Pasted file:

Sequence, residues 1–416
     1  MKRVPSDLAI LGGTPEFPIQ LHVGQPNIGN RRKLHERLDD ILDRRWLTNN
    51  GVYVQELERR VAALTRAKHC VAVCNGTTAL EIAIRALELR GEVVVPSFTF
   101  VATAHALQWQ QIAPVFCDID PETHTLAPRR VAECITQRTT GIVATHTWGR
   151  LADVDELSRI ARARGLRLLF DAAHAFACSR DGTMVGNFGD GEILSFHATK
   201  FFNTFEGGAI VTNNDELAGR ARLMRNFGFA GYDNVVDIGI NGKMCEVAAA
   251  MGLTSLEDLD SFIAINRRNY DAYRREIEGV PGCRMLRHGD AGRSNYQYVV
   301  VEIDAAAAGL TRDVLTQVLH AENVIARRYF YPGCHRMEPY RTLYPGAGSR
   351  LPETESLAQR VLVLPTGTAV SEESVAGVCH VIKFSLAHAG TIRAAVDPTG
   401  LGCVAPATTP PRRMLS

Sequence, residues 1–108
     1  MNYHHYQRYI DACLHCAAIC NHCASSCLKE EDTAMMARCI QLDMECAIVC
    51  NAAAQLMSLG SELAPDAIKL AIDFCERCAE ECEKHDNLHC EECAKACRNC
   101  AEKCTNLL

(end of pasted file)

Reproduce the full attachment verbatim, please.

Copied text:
Sequence, residues 1–416
     1  MKRVPSDLAI LGGTPEFPIQ LHVGQPNIGN RRKLHERLDD ILDRRWLTNN
    51  GVYVQELERR VAALTRAKHC VAVCNGTTAL EIAIRALELR GEVVVPSFTF
   101  VATAHALQWQ QIAPVFCDID PETHTLAPRR VAECITQRTT GIVATHTWGR
   151  LADVDELSRI ARARGLRLLF DAAHAFACSR DGTMVGNFGD GEILSFHATK
   201  FFNTFEGGAI VTNNDELAGR ARLMRNFGFA GYDNVVDIGI NGKMCEVAAA
   251  MGLTSLEDLD SFIAINRRNY DAYRREIEGV PGCRMLRHGD AGRSNYQYVV
   301  VEIDAAAAGL TRDVLTQVLH AENVIARRYF YPGCHRMEPY RTLYPGAGSR
   351  LPETESLAQR VLVLPTGTAV SEESVAGVCH VIKFSLAHAG TIRAAVDPTG
   401  LGCVAPATTP PRRMLS

Sequence, residues 1–108
     1  MNYHHYQRYI DACLHCAAIC NHCASSCLKE EDTAMMARCI QLDMECAIVC
    51  NAAAQLMSLG SELAPDAIKL AIDFCERCAE ECEKHDNLHC EECAKACRNC
   101  AEKCTNLL